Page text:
At risk of going off this thread’s topic, the clarification must be made. Israel is not an “occupying” force. The land has been theirs since the time of King David, and is granted them by the God of Abraham, Isaac and Jacob. The world recognized Israel as a sovereign nation in 1948, with Jerusalem as it’s capital. (Fulfilling Scriptural Prophecy) The Arab people, (not “Palestinians” Palestine has never been a nation) have always been a nomadic people, and the fact that Israel is surrounded by Muslim countries, (Israel makes up about 2% of the overall population in the middle east) reinforces this truth.

    This being said, the deaths of innocent children on both sides is a travesty, a horrendous and nightmarish thing to behold. But then again, so is the 50 million babies that have been murdered (or culled) in the name of convenience at the hands of women that have been convinced of abortion’s moral relativity.

    There is much more that we, as Christians “keen” over than the things that break a mother’s heart, we keen over that which breaks the Heart of God.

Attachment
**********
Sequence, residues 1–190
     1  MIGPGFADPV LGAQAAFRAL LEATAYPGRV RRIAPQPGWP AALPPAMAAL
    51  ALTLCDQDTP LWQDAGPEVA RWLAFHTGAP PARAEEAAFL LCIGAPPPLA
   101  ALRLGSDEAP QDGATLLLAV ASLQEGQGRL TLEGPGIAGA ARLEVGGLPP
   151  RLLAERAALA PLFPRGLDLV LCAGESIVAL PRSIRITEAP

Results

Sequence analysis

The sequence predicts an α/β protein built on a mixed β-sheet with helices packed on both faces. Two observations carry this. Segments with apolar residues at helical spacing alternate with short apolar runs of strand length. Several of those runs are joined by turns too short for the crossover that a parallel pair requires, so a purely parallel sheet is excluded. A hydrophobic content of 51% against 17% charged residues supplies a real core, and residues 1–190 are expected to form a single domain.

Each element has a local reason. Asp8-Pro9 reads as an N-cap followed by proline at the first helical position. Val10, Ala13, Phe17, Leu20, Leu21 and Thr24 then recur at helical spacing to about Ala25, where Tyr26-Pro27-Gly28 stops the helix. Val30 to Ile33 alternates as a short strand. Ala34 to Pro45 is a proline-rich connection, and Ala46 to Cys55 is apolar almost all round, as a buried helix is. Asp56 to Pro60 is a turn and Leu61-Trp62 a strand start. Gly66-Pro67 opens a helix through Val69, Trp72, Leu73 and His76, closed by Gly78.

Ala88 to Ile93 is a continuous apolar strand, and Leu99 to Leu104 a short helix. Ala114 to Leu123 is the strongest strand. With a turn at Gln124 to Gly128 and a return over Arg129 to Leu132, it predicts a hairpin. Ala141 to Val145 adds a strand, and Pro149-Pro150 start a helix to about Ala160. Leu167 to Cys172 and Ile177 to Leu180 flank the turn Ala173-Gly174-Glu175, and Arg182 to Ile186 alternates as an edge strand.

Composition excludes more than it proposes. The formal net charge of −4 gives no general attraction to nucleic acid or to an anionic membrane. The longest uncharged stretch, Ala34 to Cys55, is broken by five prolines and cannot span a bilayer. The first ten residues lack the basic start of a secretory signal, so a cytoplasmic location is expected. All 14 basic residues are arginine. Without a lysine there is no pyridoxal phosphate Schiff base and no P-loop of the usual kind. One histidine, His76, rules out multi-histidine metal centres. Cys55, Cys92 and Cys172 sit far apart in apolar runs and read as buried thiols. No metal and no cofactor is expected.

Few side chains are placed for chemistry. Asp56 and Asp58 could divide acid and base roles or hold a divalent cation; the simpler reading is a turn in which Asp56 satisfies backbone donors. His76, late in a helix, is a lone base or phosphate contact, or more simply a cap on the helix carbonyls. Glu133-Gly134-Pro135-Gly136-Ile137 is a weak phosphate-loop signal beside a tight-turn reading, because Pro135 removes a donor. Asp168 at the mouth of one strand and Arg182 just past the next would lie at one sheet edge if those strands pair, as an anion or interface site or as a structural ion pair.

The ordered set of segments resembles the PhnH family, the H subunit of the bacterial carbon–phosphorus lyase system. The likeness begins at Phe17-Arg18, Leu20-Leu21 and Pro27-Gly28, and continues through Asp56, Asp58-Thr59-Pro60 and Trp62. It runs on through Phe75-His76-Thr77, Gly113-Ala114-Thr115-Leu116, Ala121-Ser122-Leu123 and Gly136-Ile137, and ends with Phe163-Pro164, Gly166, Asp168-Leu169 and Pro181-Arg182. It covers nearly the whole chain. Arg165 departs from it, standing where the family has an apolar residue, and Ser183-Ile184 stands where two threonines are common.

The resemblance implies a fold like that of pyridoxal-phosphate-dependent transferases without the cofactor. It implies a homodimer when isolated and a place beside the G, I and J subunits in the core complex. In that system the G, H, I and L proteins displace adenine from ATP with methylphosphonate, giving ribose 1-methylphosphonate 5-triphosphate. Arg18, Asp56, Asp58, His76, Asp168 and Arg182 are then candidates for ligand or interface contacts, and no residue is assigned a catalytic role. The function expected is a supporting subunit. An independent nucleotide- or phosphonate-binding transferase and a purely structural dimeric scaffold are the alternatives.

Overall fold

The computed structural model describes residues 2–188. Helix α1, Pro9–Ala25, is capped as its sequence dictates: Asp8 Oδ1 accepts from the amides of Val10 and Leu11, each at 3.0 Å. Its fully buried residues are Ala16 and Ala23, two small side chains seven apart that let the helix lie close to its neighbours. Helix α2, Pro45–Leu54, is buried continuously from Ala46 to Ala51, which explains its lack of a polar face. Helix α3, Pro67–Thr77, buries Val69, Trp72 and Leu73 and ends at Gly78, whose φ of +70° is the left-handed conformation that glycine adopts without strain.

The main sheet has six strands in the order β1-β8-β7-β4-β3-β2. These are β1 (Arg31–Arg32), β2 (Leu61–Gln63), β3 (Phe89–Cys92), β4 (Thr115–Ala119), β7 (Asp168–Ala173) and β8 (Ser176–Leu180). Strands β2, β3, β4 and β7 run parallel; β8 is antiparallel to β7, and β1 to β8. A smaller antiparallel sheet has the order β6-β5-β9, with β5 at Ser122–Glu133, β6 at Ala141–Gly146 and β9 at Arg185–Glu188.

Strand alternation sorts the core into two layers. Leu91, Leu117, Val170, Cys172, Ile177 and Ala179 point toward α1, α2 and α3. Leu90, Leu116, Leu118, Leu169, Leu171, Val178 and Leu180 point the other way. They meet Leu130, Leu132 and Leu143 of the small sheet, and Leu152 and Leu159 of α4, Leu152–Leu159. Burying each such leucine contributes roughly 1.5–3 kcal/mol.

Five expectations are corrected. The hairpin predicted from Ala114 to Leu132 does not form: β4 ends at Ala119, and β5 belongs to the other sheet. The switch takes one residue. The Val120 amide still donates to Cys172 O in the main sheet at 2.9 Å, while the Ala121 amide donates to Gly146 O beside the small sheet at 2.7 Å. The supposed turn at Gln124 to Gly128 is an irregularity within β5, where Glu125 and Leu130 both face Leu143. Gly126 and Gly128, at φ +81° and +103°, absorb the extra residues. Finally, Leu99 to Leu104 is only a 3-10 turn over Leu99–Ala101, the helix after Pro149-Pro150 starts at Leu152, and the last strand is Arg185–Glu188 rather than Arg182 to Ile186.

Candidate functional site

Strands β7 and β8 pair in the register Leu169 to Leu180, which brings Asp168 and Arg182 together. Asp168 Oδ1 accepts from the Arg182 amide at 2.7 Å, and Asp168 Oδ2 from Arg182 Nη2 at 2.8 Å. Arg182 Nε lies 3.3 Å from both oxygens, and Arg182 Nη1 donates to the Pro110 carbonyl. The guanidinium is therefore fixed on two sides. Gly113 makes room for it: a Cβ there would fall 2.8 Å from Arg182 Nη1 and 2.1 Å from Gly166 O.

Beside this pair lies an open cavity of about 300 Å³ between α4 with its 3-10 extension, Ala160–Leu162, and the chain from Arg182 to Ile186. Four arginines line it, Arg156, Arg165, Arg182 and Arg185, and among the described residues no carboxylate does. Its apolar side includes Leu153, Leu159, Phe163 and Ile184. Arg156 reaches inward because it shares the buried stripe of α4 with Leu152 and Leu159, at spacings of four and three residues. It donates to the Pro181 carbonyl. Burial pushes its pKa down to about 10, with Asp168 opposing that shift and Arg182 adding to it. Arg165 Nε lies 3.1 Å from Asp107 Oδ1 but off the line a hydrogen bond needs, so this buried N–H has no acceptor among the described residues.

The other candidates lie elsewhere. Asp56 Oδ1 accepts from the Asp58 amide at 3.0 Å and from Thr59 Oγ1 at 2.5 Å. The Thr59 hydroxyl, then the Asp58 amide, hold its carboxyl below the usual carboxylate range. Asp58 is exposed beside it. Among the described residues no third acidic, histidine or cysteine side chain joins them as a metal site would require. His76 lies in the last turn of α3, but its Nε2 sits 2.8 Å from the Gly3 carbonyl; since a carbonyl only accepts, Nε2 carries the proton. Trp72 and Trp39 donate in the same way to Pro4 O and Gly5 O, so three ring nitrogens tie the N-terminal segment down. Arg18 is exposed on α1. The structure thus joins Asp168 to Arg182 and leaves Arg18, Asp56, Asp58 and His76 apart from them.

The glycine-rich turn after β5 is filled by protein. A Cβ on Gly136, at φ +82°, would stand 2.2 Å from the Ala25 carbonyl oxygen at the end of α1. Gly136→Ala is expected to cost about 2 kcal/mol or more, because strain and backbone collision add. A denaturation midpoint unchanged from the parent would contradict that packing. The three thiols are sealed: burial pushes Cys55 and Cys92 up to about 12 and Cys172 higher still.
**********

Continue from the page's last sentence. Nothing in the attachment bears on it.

Great Peace, Blessings and Tidings to you and yours this Christmas.

    Reply
  5. Albert Gedraitis

    Brian, if you don’t go into stores so much, you woudn’t have to hate their music.

    Reply
    • B. Walsh

      Thanks for the comment, Albert.

      Would you believe me if I said that I was speaking out of past memories? Probably not. Truth is, Albert, that my Credit Union is in a mall. And even outside of the mall, the music is ubiquitous. Of course another option would be to become a hermit and stay away all of the time. And this is an honourable tradition as well. Alas, it is not mine.

      Reply
  6. Doug Hynd

    Brian – my copy only just arrived and I have been listening to it letting the words soak in. The lyrics of Refugee are a stunning reflection on the flight into Egypt

    Reply
  7. We are waiting « Empire Remixed